The State of the Amiga 500 in 2018

(Hint: It's still the best home computer ever made)


It’s here! The machine I fell in love with as a teenager, though it was horribly misunderstood here in the United States. I found this clean, recapped Amiga 500 for the single purpose of installing a Vampire accelerator and turning it into a music tracking and sampling beast. If you aren’t familiar with the Vampire line of Amiga accelerators, they are based on the Apollo Core, which in turn is based on a CPU that is code-compatible with the Motorola 68k CPUs available in the 1990s, but roughly three to four times faster. The added benefits include jacked-up RAM and video capabilities as well (though it’s possible my tracking software won’t be able to take advantage of next-gen video). The M68k holds a special place in my heart, independent of its position as the Amiga 500 CPU, as it was the architecture that I first deep-dove into during my university days.

Presuming not all my Amiga software can take advantage of next-gen video and thus, the Vampire accelerator’s HDMI connector, one of the first problems out of the gate is that this is not an IBM PC, and VGA was not a cross-architecture standard between device manufacturers in the days of the Amiga 500. The Amiga 500 was designed with a proprietary RGB D-Sub connector to an Amiga video monitor. It took me long enough to find a C64 video monitor in working condition, so I wasn’t particularly interested in tracking down a working one for the Amiga.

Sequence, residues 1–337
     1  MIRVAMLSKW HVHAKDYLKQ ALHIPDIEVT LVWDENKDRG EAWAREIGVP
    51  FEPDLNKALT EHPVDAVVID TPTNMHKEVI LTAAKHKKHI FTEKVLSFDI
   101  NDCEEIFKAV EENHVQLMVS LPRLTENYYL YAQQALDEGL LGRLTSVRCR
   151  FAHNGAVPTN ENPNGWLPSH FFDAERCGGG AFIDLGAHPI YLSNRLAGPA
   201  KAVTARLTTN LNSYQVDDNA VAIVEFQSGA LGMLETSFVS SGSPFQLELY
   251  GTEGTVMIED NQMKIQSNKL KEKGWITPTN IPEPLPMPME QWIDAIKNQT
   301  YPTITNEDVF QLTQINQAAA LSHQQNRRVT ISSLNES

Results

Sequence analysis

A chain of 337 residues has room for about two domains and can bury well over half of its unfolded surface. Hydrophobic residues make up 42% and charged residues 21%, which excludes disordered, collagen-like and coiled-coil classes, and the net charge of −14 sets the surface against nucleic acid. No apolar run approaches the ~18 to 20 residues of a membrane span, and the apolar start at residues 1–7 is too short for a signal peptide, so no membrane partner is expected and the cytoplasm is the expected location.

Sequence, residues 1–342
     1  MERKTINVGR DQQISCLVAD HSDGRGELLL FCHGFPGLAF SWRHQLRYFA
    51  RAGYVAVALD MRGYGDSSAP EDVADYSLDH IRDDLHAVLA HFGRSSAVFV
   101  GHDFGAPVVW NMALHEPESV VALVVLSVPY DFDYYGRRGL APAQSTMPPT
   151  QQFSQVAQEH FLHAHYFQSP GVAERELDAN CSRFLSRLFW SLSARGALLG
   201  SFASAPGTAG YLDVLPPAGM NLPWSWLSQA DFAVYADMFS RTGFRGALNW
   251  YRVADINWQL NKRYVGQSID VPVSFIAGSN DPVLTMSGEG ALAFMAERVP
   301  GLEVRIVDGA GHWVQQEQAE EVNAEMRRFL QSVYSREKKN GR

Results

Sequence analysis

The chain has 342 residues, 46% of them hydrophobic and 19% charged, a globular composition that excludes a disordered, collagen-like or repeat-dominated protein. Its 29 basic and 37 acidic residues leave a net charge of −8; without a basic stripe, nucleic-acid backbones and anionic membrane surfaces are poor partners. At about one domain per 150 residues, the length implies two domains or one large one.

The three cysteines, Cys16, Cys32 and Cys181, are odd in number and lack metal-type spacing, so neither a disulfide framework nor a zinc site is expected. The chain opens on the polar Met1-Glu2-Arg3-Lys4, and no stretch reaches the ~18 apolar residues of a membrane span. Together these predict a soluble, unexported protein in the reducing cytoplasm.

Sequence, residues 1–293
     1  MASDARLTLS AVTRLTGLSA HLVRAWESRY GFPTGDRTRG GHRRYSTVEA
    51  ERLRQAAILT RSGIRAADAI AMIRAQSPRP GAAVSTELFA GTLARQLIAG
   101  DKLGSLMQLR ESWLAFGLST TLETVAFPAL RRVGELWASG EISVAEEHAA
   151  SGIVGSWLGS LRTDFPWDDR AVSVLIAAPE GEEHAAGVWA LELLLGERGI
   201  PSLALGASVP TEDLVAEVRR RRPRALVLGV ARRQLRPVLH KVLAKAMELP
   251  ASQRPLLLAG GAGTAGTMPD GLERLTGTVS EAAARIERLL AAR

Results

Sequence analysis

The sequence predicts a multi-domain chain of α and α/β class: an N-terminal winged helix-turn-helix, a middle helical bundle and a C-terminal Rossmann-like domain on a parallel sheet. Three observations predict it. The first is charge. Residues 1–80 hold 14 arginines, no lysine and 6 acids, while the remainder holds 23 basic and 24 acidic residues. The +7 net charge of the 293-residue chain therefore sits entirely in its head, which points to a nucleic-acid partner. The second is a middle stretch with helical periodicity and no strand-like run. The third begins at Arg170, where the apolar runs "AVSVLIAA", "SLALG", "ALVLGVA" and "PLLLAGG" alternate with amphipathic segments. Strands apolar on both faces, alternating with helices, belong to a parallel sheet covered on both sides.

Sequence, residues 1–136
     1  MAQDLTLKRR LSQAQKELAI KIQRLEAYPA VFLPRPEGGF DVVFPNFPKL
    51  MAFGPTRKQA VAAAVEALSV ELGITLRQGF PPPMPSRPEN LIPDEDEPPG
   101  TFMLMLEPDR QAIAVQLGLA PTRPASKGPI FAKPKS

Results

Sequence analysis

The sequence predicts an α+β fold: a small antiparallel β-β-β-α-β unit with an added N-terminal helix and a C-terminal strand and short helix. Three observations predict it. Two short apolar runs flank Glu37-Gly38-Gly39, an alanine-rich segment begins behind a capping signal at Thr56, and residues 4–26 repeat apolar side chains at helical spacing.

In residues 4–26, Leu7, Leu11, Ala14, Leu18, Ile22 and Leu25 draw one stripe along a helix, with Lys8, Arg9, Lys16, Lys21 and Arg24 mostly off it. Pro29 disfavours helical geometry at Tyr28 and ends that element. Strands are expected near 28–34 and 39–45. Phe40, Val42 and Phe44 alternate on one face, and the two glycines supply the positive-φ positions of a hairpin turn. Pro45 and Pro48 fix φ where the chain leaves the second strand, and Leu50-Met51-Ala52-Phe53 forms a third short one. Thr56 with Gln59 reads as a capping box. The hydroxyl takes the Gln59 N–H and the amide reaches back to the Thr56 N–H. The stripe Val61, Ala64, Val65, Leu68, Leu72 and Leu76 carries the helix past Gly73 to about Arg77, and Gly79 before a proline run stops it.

Fortunately, many schematics exist for wiring the VGA pins to a DB23 connector. I used this one, though I couldn’t locate a DB23 connector. I ended up purchasing a DB25 and using a Dremel to slice off the extra two pins for a snug fit in the Amiga’s RGB port.

The pins were wired correctly, but then it was a matter of finding a VGA monitor that still supports 15 kHz analog RGB video signals. This is a video mode that is extinct from all modern computer monitors, and was already nearly extinct by the time flat panel (LCD) monitors became common. One option was to locate a CRT that supported it. The great irony is, from a price perspective, I found compatible CRTs to be more expensive than the compatible LCD that I chose, due to the recent high-demand for CRTs to recreate a retro-gaming experience (I’ve probably junked a comfortable retirement’s worth of CRTs in my lifetime).


This wiki helped me choose the NEC Multisync LCD1970NX. A flat panel was important due to space considerations in the eventual home studio build-out plan.

A MIDI connector, so that I could remotely start and stop the Amiga’s tracker in sync with Logic Pro X (on a separate MacBook Pro), was far less of a challenge to locate as plenty of parallel port-compatible DB25 MIDI I/O connectors are available on eBay or in various Amiga enthusiasts’ online shops. The same goes for a DB15 to USB connector for a modern mouse (I’m not exactly in love with the Amiga “tank mouse”). Be warned though, I had a lot of trouble with a wireless mouse behaving as expected. I ended up using a USB wired mouse with laser tracking.


Update 2019-02-03: The Vampire accelerator arrived! I plan to post a step-by-step of my experience installing it, a more “modern” version of AmigaOS, and wire up my tracker software to the rest of the studio.